There’s no doubt today’s kitchens are very different to those of 20 years ago. These days kitchens are more than just areas to prepare food. Instead they serve as a family meeting place, an office, or even the main entertaining area.
Appliance designs have adapted to the increasing amount of technology that is now incorporated into products, and appliances such as refrigerators and dishwashers are often integrated into the cabinetry to blend in with the rest of the furniture.
Local customer focus Appliances design
As a southern hemisphere-based appliance manufacturer, Fisher & Paykel is in a unique position to design for the Australian and New Zealand lifestyle.
Mark Elmore, Fisher & Paykel’s General Manager of Design, says while they are based in New Zealand, he and his designers spend a lot of time in Australia learning to understand the consumer and what drives them. This gives Fisher & Paykel a natural advantage with local customers.
“Our location helps us to develop products that are specific to the local market, especially around sizing and performance,” Elmore says. “Refrigerators are a great example. Australians tend to like bigger fridges than Europeans do and our designs allow for this. Also our products are geared towards catering to the different climate we have in this part of the world.”
Fisher & Paykel Senior Industrial Designer Simone Stephens says there is a real difference between products designed in Europe and those designed in this part of the world.
“Consider Darwin, which is very humid,” she says. “Because we have products in this part of the world we understand that heat and humidity are an issue there so when we test our appliances we replicate that climate to make sure they perform well under those conditions.”
Elmore says there is also a great diversity with the food people like to prepare in Australia and this is reflected in the design of the cooktops. “There are some subtle differences in this part of the world that we are able to understand that other manufacturers may not,” he says.
Modern Local Kitchen Designs
Today’s kitchen incorporates a number of emerging trends, such as The CoolDrawer™, Multi-temperature drawer and DishDrawer™ Dishwashers and how they fit into the concept of distributed appliances.
“You can now have a CoolDrawer™ for drinks by the dining table, a DishDrawer™ for plates by the sink and another for glassware by the bar,” Elmore says. “The concept of distributed appliances revolves around configuring the kitchen to suit the way people live and work.”
Stephens adds kitchen cabinets are now looking more like general furniture, which gives designers a lot more freedom with their designs. “When we carry out research into how people use kitchens we see that they want their appliances to integrate seamlessly into the rest of their home,” she says. “It’s important to be aware that a kitchen isn’t just a kitchen now; it’s become a multi-use space.”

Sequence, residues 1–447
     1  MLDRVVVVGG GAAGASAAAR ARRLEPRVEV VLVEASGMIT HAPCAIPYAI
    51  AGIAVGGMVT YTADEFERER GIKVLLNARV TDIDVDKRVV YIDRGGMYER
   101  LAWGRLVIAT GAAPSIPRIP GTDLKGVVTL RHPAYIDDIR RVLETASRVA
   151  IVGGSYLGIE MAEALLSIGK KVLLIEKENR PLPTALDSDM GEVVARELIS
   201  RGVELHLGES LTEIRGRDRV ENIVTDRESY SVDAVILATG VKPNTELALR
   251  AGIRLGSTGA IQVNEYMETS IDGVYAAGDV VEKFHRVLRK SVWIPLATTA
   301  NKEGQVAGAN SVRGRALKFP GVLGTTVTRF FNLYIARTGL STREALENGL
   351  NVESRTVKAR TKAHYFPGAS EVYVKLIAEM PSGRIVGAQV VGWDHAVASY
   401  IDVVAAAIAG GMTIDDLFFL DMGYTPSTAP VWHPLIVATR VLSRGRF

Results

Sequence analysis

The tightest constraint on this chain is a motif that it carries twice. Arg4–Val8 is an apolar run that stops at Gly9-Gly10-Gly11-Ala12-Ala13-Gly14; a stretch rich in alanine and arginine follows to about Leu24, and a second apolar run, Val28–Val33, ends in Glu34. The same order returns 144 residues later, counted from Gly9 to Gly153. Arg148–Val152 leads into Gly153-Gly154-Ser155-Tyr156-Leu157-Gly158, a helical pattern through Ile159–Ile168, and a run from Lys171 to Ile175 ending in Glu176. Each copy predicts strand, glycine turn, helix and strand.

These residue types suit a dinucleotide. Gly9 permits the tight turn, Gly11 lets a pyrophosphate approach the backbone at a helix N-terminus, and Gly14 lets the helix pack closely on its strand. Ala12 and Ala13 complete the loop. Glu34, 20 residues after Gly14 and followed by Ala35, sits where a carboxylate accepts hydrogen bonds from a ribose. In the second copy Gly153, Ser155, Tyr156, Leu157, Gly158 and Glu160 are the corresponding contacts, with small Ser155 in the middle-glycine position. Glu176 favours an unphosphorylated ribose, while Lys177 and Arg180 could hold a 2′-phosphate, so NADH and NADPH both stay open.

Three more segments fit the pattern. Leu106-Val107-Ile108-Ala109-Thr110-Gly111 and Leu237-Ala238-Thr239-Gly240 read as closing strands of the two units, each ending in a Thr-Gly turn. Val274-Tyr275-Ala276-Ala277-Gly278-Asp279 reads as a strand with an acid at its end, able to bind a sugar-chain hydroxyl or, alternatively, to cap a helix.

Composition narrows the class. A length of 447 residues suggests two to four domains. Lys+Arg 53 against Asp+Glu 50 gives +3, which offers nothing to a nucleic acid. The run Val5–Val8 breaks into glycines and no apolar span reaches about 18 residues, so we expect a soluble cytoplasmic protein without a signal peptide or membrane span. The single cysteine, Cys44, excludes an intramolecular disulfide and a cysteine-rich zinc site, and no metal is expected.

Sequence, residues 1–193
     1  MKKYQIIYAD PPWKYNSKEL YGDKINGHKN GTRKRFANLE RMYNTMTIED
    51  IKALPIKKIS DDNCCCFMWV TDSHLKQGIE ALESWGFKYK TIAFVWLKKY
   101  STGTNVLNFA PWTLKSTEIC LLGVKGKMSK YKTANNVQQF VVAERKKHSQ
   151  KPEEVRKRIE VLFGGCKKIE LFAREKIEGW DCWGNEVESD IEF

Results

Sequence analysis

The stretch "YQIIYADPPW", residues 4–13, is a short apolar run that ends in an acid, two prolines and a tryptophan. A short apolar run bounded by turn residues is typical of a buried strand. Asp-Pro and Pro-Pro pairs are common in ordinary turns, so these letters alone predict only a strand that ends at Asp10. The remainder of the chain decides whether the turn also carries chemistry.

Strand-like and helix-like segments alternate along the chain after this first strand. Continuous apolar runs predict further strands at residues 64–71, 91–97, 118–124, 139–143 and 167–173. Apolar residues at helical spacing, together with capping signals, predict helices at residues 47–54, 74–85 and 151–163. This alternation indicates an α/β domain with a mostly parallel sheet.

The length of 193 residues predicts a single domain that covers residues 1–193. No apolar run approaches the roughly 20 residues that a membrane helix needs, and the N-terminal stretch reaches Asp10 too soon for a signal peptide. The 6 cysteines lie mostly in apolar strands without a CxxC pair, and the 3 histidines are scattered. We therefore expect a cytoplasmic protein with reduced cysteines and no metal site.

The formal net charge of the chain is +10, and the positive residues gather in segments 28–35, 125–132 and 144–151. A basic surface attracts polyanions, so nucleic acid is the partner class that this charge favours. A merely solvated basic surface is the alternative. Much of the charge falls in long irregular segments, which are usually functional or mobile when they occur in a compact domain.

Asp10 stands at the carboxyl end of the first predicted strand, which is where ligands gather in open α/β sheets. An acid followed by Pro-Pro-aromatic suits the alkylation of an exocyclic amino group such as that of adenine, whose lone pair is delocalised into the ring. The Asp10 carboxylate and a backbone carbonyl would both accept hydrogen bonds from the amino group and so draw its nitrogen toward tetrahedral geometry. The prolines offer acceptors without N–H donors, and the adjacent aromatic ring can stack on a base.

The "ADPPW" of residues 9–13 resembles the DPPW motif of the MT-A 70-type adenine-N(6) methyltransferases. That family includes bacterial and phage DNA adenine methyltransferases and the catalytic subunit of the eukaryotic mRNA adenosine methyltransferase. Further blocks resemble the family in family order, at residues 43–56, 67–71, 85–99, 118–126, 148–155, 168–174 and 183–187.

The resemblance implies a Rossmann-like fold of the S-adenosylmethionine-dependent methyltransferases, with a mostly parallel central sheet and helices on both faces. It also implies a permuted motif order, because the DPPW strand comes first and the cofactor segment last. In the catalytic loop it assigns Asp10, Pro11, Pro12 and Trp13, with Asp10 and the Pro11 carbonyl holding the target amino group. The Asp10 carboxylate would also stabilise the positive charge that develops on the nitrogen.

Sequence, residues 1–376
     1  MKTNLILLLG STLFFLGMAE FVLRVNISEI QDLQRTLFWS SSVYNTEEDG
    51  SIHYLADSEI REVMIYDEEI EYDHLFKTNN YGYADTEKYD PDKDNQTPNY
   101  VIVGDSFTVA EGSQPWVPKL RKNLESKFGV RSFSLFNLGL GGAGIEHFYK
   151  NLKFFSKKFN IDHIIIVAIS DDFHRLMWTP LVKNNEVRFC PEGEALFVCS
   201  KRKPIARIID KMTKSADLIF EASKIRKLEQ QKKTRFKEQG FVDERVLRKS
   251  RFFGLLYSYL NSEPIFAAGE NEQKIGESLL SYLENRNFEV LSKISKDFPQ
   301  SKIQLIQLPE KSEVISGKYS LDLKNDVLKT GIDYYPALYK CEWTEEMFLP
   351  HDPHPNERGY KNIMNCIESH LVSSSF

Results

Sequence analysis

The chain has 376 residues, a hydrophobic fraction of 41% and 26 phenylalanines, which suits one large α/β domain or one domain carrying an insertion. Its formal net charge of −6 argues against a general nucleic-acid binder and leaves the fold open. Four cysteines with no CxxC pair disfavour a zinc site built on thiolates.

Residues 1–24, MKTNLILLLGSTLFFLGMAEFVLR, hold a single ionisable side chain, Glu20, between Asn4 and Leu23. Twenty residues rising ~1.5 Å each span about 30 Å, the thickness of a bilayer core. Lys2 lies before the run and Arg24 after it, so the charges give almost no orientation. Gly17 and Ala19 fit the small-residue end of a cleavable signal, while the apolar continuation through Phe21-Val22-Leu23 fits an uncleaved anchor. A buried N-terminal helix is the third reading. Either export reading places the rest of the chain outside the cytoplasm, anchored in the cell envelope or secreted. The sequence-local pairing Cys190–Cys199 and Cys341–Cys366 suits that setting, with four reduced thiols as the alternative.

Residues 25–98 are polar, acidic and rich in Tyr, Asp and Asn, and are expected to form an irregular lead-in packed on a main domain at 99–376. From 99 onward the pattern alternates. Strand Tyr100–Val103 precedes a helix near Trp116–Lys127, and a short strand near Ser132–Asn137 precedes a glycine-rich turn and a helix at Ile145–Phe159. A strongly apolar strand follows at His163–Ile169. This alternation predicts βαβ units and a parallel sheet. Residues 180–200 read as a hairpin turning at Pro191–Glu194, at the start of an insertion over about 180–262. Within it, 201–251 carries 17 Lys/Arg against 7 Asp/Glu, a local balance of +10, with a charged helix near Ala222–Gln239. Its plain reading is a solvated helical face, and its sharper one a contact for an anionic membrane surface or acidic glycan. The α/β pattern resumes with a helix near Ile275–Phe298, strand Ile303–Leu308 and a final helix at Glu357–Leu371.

Experience Centre based in Sydney’s Alexandria
Fisher & Paykel also offers consumers, designers and architects a way to road test kitchen appliances at its Experience Centre based in Sydney’s Alexandria.
“Designing a kitchen can be a frightening process and one that is quite overwhelming,” Elmore says. “The centre is a way of overcoming this by providing customers with the full experience of planning a kitchen, along with the ability to interact and use our products.”
The centre is more than a showroom, it has been specially designed and curated to inspire and empower customers giving them the freedom to create the kitchen or laundry of their dreams.
There is a “hero” or dream kitchen as you enter, where customers can chat with staff about how they typically use this space. For example, whether they cook alone or with family, or how much bench space they generally use.
This section flows into a curated selection of kitchen products, 2D or 3D models and layouts, which offers customers a hands-on experience where they can trial products to see how they perform.
“We have in-house product design experts and cuisine specialists on hand to answer customer questions,” Elmore says.
Customers are also encouraged to put together a wish list with an RFID-enabled pen that’s linked to their mobile phone number or email address. When they see a product they’re interested in, they “tap to collect” and this information is compiled into a personalised product wishlist that can be accessed on their phone, or referred to their designer or architect.
Elmore adds the company didn’t want to produce just another showroom with rows of appliances where people had to try and choose between them.
“The centre is about us helping people work their way through the planning process without being overwhelmed,” he says. “Our brand philosophy revolves around having a culture of curiosity. And this is what we bring to the centre – we want to understand the consumer and what drives them.”
Find out more about the Fisher & Paykel Experience Centre. Visit fisherpaykel.com.au/experiencecentre
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